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Not a Fan of $1 Million Bus Stop? How about $672K?
May 14, 2014
ARLnow.com, a local news site for Arlington, Virginia, updated residents on the costs of new bus stops proposed along Columbia Pike, a major artery running right up to the Pentagon. As opposed to the $1 million prototype bus stop that I wrote about last year, Arlington County officials released an updated design with a new cost per stop: between $362,000 and $672,000. The three newly termed “transit centers” look similar to the “Super Stop” design but are shorter in height, have wider canopies, and have side windscreens. Each stop will have a different cost, according to its size:
The county provided a breakdown in costs for construction and site design and project management, with the latter representing approximately 23 percent of the total cost for the small- and medium-sized stations.
This all might be an improvement but taxpayers who answered a poll on the site say it’s still too high a cost:
Area residents questioned why existing bus stop designs (the classic three-sided, glass enclosures) are being replaced for a more expensive, unproven design (especially since the new design still does not protect those waiting from the elements. Others voiced concerns over the still-high costs. One commenter wrote that a standard stop costs $30,000 and some can cost as much as $58,000 across the border in Maryland. The question I ask Arlington Board members is, are the artsy designs of the stops worth spending millions of local taxpayer dollars instead of putting those funds towards other concerns or taxpayer relief?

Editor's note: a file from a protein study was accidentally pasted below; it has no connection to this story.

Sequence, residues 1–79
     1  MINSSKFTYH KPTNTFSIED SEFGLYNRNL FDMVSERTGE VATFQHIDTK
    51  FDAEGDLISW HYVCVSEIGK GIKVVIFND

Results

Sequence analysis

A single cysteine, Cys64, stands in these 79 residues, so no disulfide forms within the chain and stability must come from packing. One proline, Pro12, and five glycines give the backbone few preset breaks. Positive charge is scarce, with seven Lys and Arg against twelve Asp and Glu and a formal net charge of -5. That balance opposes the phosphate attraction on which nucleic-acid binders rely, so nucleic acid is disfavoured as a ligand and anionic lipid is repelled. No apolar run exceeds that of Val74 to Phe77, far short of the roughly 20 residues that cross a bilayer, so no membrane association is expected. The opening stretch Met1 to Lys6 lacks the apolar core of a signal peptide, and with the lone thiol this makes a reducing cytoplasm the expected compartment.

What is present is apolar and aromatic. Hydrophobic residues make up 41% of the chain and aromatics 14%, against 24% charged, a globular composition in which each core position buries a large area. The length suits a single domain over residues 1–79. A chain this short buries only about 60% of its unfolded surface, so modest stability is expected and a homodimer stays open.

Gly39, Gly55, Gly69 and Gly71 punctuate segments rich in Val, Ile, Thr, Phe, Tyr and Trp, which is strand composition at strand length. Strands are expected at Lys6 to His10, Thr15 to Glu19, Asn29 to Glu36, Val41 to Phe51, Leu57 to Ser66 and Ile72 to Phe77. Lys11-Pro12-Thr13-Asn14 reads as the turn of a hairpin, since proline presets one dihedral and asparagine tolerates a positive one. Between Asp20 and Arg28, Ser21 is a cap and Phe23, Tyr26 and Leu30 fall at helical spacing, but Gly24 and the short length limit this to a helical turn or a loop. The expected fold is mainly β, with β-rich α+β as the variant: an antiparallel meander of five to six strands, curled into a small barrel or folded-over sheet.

On a county-level, the cost of the overall effort went from $20.9 million to $12.4 million, a 40 percent decrease. Yet, those savings may be swept away as the Washington Post just reported that the Columbia Pike streetcar – a major reason the county cites for updating the bus stops -- will cost $358 million, or $100 million more than the county’s previous projection. On top of all of this, taxpayers across the country need to keep any eye on this issue because 48 percent ($140.5 million) of Arlington County’s share of the expenses are expected to come from the federal government. The issue comes down to whether Arlington officials are doing what’s best for residents or just building pretty things that will ultimately go underused.
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